There are a lot of good reasons to improve your credit score. It can help you secure an apartment, qualify for a mortgage or car loan, and pay less for home and car insurance. I can also help you negotiate better rates and terms on financed purchases. It may even let you access more valuable rewards and perks that often come with credit cards that are targeted to people with excellent credit.
For the first year of the pandemic, some low-income households in the U.S. actually saw credit scores rise. This may have been due to several things. There was an influx of pandemic relief cash authorized by Congress. Also, many people had lower expenses thanks to the sudden stop of commuting and business closings that kept folks at home. However, increasing fears of a recession may yet undo some of those gains. And if you’ve been laid off, as so many in the tech sector have been, those financial stressors can do further damage to your score.
If you’re not happy with your credit score, or simply want to try to improve it, first make sure you understand the basics of credit reporting and credit scores. Then take a look at the following 15 strategies to help you reap the benefits of a higher score.
1. Pay your bills on time
While credit scores are determined by company-specific formulas that take into consideration a number of factors, late payments can really hurt your score. So while it won’t give you an immediate boost, and it’s probably not the most exciting strategy on our list, paying your credit card and loan bills on time every month is the single most powerful thing you can do to help you repair a damaged credit score.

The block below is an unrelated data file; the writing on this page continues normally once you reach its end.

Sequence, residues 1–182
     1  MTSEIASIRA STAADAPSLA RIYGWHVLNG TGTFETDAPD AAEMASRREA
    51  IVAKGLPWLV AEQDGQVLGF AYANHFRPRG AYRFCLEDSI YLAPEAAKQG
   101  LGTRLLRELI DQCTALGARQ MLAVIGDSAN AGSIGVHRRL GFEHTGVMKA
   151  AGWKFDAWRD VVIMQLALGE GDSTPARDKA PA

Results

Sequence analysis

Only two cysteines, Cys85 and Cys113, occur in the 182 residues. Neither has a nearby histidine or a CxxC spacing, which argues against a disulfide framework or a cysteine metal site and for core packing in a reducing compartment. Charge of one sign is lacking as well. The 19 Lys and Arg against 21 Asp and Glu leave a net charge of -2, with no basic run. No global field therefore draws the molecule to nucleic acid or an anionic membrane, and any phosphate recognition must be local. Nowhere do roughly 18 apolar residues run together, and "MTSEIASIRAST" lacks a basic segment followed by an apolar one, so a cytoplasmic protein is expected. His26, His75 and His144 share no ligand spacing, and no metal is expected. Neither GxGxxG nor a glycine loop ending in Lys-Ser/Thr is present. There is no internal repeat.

Payment delinquencies of 30 days or more may significantly lower your score. This is especially true if there are several such late payments on your credit report. Late payments will also likely result in additional fees and raised interest rates. That means it will cost you more to keep using that credit and may reduce the amount of cash you’ll have on hand to pay down balances.
2. Keep your credit utilization low
Credit utilization is the ratio of credit that you use at any given time to the amount of your total credit limit. For example, if you have a combined total credit limit of $10,000 and you’re carrying total balances owed of $5,000, you have a 50% credit utilization rate. In other words, you’re using exactly half of the credit that was made available to you. While there’s no bright-line rule here, most experts generally recommend that you keep your credit utilization rate below 30% if you want to improve your credit score.